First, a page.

Insider threat behavior not just actions: Part two of a series
Dan Velez, director of defense programs, Raytheon Oakley Systems
In a recent industry presentation, Christopher A. Williams, president of Christopher A. Williams, LLC , turned attention to the rise of alarming security breaches that have compromised highly classified federal information.
Williams called for greater agency accountability and compliance oversight, in addition to more rigorous “need to know” policies when it comes to limiting an individual's access to sensitive information based on their roles and responsibilities. He cautioned against unproven IT tools/solutions as remedies, and noted that the U.S. government and private sector must work together to halt the “massive, illegal transfer of American know-how and secrets.”
Given his commendable experience as a top security official with the Department of Defense (DoD) and the U.S. Congress, Williams' words carry weight. I strongly agree that the private sector has to remain highly involved in the “fix.” Yet, that fix will require an overhaul of institutional mindsets on the subject of safeguarding critical information and data that, after decades, have become deeply ingrained.
In short, we too often focus exclusively on implementing technologies and auditing at the endpoint. We overlook user behaviors that command tremendous influence here. To advance our capabilities, we need to get a better grasp on the “people,” as well as the technical side.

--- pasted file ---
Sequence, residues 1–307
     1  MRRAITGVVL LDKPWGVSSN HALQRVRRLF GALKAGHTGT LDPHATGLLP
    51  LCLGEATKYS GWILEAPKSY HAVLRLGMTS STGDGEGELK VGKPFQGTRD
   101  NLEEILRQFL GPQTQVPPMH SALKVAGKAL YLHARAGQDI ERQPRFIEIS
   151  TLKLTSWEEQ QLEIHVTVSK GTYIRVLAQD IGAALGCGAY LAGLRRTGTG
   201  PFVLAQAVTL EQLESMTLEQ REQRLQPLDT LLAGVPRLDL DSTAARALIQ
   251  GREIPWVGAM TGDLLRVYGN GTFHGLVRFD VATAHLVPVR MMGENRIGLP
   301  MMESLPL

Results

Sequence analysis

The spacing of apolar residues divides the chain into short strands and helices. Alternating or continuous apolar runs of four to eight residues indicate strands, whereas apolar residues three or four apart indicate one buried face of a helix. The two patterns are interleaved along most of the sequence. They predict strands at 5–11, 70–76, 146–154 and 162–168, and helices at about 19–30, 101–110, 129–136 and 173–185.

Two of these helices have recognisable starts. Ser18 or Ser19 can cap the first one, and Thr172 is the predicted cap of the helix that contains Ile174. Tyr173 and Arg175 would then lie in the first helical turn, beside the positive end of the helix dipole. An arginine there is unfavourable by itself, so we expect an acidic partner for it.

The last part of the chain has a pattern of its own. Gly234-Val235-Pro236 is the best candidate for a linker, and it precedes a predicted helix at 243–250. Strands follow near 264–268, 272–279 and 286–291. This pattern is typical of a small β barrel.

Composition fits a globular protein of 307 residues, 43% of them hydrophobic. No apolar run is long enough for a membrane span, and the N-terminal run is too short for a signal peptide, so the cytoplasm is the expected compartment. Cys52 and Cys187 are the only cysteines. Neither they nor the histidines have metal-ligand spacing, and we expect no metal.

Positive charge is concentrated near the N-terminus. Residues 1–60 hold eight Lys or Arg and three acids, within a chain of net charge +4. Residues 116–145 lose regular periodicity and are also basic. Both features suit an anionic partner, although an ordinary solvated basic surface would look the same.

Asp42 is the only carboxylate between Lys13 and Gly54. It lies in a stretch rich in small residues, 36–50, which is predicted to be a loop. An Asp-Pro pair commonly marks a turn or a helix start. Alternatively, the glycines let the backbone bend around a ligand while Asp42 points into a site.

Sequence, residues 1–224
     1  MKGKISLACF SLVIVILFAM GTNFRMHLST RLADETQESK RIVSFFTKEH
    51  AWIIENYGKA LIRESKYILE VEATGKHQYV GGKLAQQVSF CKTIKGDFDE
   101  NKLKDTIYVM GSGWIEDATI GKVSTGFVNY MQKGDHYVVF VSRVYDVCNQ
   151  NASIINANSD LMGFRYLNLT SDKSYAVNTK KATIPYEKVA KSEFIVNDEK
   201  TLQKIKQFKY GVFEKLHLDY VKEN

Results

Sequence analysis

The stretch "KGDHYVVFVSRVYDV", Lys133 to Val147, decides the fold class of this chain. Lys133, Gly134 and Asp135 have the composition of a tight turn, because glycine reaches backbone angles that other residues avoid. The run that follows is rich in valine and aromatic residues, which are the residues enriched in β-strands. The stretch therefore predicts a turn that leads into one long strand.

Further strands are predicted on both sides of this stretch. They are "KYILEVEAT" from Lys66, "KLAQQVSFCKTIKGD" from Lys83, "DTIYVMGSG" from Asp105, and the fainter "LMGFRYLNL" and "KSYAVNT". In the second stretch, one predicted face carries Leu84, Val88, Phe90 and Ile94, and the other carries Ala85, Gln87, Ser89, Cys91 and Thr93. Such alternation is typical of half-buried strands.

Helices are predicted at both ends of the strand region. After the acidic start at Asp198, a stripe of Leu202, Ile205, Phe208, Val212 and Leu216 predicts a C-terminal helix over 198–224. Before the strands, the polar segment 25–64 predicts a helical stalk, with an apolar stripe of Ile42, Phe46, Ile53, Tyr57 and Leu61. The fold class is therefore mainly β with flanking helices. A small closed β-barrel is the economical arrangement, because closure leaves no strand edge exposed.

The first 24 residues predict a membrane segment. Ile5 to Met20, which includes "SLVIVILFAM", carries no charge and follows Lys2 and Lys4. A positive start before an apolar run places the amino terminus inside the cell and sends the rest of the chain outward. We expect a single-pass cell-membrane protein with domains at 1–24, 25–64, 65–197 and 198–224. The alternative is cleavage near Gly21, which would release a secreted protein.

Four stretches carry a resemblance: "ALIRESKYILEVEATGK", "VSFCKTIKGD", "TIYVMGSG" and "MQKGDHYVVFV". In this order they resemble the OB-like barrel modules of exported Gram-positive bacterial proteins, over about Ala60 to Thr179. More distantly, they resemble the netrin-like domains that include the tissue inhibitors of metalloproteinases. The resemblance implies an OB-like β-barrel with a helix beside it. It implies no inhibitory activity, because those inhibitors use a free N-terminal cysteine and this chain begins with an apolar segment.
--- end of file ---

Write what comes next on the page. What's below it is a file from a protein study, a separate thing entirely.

Frankly, there is resistance to this notion because it's easier to maintain the status quo when it comes to policies and procedures based on simple virus scans, configuration management, log analysis, “dirty word” searches, etc. It's difficult to go beyond this mentality and pursue something more inquisitive – something that will reveal the “how” and “why” behind the “what” that delivers valuable – and actionable – knowledge.
Context means everything. You can identify breaches and “catch” people. But without the perspective of their business role, authority, motivation, scope and impact of an incident, you're only getting part of the story. This is the surest way to transform oversight from a reactive, “put out the latest fire” posture to a proactive one that anticipates user behaviors and their capacity to pose a threat.
For example, in one case, a client sought our help during a significant reduction in force (RIF) initiative. Despite offering severance packages that specified the non-disclosure/removal of secure data, a number of just-downsized employees went back to their desks and started downloading away. Our solution swiftly detected and reported this. That single day virtually paid for the customer's licensing fee for an entire year.